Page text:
Friday, June 24, 2011

Enigmundia: The Preternatural and the Supernatural

Upright pentagram, supposedly symbolic of the 5 wounds
received by Christ during his execution, but I don't see
how the hands (2) + feet (2) + spear in the side (1) would
be arranged into a star shape. Note that this is different
from the downward pentagram normally associated with
the dude with a goat's head who shall not be named.
Fighters and Thieves are easily dealt with using the Basic HERO System 6th Edition rulebook: weapon familiarities, combat levels, and skills. They're also easily handled in terms of setting -- once you decide the role each of them play, and the logical variants of each. Perhaps because there are clear parallels between fantasy fighters and thieves and modern equivalents, there's a quick way to grasp their essential natures and twist them this way and that.

But Clerics and Mages on the other hand, they're different. It could be argued that in some cultures they are the same. In other cultures, the classic D&D clerics and mages don't quite fit so neatly.

Is the medicine man of Native Americans a mage -- knowledgeable about remedies and physical ailments and human nature; or is he a cleric -- a healer who communes with higher realms of existence?

Is the mangkukulam of the Philippines a cleric of neutral or chaotic gods who grant their dark (insect-based) abilities, or a dabbler in occult knowledge passed down through generations?

Are Clerics and Mages opposed to one another?

Clerics and the realm of the Supernatural

In my setting, I'm assuming that the abilities of the clerics stem from the supernatural. The definition of supernatural here being "over/above nature" or "from God/Supreme Being/Creator".

This means that all their abilities are holy or god-given, and while they may be abused (making them subject to terrible punishments from the God they claim to serve) they stem from a divine source.

Clerics and the realm of the Preternatural

Right away, of course, we run into the problem of evil clerics. Their abilities (if we hew to the monotheistic paradigm which I've established I'm favoring in my setting) cannot come from a divine source. Their abilities stem from petitions granted by mischeivous, malevolent, and possibly diabolical entities who are not above nature, but are beyond our outside of it (ooh, outer gods here we come!).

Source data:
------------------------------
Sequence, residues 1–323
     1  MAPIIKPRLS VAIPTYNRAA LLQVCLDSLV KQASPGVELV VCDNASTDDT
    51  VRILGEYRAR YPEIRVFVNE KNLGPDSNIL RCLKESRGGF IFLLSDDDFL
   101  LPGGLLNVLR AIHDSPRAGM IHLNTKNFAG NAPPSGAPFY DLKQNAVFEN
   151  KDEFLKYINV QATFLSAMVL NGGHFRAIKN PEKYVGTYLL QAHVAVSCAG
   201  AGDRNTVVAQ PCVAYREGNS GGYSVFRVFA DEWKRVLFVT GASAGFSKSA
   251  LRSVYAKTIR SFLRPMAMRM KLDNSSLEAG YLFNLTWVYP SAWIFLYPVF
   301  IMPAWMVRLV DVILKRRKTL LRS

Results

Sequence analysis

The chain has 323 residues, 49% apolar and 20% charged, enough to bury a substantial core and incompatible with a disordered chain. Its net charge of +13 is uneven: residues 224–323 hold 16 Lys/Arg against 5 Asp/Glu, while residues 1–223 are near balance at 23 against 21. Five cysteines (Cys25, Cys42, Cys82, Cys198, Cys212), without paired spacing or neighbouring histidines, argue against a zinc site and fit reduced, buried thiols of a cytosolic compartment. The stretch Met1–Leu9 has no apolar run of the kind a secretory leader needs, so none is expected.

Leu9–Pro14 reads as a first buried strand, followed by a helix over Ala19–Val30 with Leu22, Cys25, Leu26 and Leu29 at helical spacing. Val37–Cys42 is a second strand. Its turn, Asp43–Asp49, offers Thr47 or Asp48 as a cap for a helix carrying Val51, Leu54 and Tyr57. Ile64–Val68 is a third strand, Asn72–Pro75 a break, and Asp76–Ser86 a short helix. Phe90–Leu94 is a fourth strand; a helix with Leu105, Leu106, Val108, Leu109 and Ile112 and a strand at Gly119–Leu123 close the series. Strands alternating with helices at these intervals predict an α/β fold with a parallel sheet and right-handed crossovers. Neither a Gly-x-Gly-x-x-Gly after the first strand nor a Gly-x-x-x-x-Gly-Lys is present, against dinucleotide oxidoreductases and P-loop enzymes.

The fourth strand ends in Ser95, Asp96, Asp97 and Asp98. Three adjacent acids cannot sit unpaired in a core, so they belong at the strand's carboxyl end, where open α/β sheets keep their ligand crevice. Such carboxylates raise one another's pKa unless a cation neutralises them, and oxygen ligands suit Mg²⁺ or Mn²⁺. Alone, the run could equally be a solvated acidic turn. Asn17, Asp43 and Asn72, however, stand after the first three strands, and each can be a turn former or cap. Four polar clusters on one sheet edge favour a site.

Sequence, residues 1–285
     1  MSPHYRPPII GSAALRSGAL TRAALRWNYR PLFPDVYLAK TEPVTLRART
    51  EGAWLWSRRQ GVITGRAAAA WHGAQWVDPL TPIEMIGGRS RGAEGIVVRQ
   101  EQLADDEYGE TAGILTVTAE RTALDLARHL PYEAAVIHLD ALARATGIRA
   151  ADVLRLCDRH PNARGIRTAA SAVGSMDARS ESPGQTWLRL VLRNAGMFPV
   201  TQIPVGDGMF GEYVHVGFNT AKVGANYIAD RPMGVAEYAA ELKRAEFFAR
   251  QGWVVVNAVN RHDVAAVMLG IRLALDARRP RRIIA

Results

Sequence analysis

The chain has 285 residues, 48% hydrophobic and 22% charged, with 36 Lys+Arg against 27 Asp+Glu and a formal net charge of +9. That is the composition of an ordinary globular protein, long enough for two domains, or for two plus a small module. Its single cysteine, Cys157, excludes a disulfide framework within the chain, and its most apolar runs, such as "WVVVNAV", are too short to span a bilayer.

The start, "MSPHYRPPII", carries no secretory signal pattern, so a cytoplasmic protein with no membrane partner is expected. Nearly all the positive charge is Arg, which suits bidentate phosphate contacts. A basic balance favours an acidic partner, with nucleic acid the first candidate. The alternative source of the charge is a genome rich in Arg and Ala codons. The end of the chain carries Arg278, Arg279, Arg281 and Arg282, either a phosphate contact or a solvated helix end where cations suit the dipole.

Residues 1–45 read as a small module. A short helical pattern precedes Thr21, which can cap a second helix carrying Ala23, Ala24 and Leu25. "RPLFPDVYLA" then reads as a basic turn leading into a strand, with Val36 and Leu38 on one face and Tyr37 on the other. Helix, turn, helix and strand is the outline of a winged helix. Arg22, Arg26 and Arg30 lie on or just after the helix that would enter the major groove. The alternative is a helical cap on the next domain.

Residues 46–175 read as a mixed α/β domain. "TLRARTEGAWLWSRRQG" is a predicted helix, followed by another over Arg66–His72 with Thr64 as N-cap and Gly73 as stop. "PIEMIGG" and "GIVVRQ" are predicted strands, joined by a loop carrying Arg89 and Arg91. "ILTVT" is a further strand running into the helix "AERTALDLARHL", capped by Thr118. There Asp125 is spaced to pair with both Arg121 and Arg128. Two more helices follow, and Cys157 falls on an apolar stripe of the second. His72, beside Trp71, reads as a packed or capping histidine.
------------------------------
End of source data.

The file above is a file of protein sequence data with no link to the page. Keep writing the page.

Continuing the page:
Game mechanics-wise, the difference between the good and bad clerics will be negligible. Although, I can argue for evil cleric abilities to be cheaper with the HERO ability limitation known as Side Effects. In essence, more powerful abilities have a chance to have some harmful side effects on the cleric or his/her associates. This can be rationalized in the setting by having the supreme being as the only power than can create something out of nothing -- benefits without cost. All other beings, no matter how powerful, are subject to TANSTAAFL: healing someone means someone -- somewhere else -- gets sick or is cursed; food that appears for the party is actually taken from some place else; and so on.

So where does that leave the mages?

Magi and the Occult

Well, in my setting the mages are derived from the "wise men" and "practitioners of arcane and esoteric knowledge". They study lore that teaches how -- through the use of formulae including words and symbols and ritual and thought and memory and will -- the very rules by which the universe is governed can be manipulated.

Their studies do not necessarily make them evil or damned, but the paths walked to gain these powerful secrets are not always frequented by the upright or virtuous. And not all of them are human.

However, the usage of their power -- for good or for ill -- will certainly earn them the attention of the supernatural and preternatural entities and their supporters, so they will likely be cut from the cloth of benevolent visionaries and mad scientists and power-hungry despots.

Related Posts

Related Posts Plugin for WordPress, Blogger...